Life is sweet for young adults

Students seek lower ABV drinks as alcohol awareness grows

OPERATORS seeking to cater for the young adult market should ensure they have some lower ABV products on the gantry.

John Mills, managing director of InterContinental Brands, whose portfolio includes St Helier cider, VKat schnapps and herbal drink Messer Schmitt, said while younger consumers still tend to favour sweeter drinks, there has been a general shift towards drinks with a lower alcohol content.
Acknowledging that the burgeoning popularity of cider has had some influence on this trend, Mills said students and young adults are generally looking for lower ABVs across all drinks categories.

Whether it’s RTDs or flavoured cider, the pattern hasn’t really changed in terms of people’s taste buds.

“Young adults are looking for something that’s easier to drink and a bit sweeter than medium,” he told SLTN last week.
“Whether it’s RTDs or flavoured cider, the pattern hasn’t really changed in terms of younger people’s taste buds – young people are still looking for something that’s sweet and easy to drink.
“But there’s an increasing awareness of responsibility; students and young people are more aware of their alcohol intake and aware that they need to get up for uni or work the next morning. They want to go out and have a good night so they’ll choose to drink a cider like St Helier, which is typically 4% or 5% ABV, or a shot of Messer Schmitt which is 22% ABV compared to spirits.
“All the growth is in lower ABV drinks – I think that’s great and, to me, that’s what the Scottish Government should be focusing on: increasing people’s awareness of ABVs and alcohol intake.
“Younger consumers are more responsible; they still want to have a good night out but they’re also aware that they need to get up in the morning so they’re choosing lower ABV drinks.”
It’s a pattern that Emma Heath, marketing controller at distributor Maxxium UK, recognises.
Sales of its 15% ABV Sourz range, which now spans six core variants: Apple, Cherry, Blackcurrant, Tropical, Pineapple and recently-launched Raspberry, are said to be in growth; and, according to Heath, much of that has been driven by the brand’s ability to be mixed.
“Sourz is known as a single-serve but we’re also talking to consumers and the trade about its usage,” she said. “Pitcher serves, for example, have been hugely successful. I think people are generally a lot more socially responsible. With Sourz you’ve got something at 15% ABV and you can then dilute it further by mixing it with lemonade.”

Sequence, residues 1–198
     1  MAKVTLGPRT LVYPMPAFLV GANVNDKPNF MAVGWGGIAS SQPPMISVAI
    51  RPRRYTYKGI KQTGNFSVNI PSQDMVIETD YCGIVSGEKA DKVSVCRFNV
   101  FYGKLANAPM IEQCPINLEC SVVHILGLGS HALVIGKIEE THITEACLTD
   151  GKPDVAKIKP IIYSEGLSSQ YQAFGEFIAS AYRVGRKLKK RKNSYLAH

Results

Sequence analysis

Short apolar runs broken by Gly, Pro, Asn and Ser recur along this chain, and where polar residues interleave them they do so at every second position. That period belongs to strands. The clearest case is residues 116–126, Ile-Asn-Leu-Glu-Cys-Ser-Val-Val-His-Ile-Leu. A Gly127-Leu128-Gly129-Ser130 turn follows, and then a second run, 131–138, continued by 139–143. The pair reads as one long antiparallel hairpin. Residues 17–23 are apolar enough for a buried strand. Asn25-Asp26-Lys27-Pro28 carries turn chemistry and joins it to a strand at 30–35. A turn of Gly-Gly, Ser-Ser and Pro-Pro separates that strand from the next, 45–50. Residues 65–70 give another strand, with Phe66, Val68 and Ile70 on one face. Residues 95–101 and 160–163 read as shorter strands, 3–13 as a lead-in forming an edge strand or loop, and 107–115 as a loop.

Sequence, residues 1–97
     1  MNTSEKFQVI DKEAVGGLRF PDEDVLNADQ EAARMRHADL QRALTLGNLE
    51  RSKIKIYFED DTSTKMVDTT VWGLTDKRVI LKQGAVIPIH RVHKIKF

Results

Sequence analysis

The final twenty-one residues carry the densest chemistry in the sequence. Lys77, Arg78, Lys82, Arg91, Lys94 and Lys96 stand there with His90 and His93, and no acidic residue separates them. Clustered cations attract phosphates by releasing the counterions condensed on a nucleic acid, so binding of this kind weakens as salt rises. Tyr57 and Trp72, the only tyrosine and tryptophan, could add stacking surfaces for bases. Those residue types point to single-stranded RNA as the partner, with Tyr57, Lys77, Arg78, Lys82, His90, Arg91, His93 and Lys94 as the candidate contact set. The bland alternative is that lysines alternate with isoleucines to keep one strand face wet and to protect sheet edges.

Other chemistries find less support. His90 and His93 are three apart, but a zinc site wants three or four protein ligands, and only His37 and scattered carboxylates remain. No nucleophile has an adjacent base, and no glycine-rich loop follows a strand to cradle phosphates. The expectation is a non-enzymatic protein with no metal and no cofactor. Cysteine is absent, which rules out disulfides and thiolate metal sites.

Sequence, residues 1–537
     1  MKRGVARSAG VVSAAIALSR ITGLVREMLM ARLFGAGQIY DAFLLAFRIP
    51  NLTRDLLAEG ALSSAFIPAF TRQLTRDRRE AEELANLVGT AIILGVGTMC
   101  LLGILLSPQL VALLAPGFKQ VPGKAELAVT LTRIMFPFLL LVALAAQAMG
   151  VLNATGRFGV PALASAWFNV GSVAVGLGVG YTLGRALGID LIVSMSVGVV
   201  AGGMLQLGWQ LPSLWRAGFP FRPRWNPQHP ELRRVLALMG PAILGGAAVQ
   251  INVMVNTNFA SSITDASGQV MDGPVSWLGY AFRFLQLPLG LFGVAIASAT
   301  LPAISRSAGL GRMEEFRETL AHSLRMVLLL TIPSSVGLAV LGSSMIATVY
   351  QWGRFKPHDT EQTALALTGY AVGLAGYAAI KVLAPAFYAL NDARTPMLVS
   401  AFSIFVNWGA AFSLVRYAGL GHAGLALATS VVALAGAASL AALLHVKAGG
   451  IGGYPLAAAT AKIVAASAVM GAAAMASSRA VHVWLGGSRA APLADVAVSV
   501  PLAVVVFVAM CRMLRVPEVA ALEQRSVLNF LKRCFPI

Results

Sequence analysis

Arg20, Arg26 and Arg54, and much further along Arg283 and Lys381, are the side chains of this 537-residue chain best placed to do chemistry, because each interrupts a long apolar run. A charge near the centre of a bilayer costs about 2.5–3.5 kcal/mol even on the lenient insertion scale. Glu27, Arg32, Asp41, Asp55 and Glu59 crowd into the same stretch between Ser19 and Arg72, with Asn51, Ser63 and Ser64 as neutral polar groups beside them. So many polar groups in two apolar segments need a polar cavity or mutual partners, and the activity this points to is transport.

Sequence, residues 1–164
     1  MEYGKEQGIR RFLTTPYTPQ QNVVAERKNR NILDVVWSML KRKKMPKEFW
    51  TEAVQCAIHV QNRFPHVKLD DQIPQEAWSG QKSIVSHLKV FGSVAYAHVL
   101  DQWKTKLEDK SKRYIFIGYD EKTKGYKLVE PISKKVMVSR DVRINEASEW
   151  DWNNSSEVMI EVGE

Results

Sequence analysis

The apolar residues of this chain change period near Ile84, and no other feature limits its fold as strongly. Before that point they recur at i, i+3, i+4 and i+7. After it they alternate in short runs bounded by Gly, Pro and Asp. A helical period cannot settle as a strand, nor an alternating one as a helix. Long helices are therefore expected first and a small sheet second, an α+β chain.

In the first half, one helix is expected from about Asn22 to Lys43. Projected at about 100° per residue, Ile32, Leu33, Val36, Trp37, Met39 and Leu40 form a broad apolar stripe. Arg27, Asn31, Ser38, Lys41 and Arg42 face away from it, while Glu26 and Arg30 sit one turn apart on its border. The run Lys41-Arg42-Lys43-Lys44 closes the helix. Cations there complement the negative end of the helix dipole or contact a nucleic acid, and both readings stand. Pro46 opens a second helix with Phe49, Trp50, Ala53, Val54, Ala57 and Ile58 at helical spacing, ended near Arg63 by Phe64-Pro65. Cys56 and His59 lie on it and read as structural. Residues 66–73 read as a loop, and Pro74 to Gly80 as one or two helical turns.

In its drive to highlight the versatility of the brand, Sourz is set to make its national TV advertising debut on July 18 with a campaign that will run for nine weeks. The brand also aims to ramp up its activity on Twitter and Facebook, which Heath said enables it to communicate directly with its target market of young adults.
“It’s working both ways and our target consumers are really starting to engage with us on Facebook,” she added.
Social media is also playing a key role in the marketing strategy for Red Stag – the recently-launched black cherry-flavoured bourbon from Jim Beam.
Described as a “different breed of bourbon”, Red Stag is designed to appeal to 18 to 24 year old males.
Eileen Livingston, marketing controller for the brand at Maxxium UK, said the flavoured bourbon will “redefine the category”.
“Young adults are keen to expand their drinks repertoire and Red Stag will fit in easily to this as the brand’s clever sense of fun helps differentiate it from others,” she said. “Perfect on its own or mixed with cola, Red Stag is a versatile drink designed to raise appeal and accessibility to non-bourbon drinkers, bringing new consumers into both the Jim Beam brand and the bourbon category as a whole.”

Students and young people are more responsible and they’re choosing lower ABV drinks.

The firm behind fruit puree and cocktail mixers brand Funkin agrees that young adults’ thirst for mixed drinks and cocktails shows little signs of waning.
“Cocktails made with Funkin mixers appeal to young adults because they are visually pleasing and promote cocktail envy amongst other drinkers,” said Funkin chief executive Andrew King. “This encourages consumers to trade-up their drinks choice, helping to increase and drive sales.”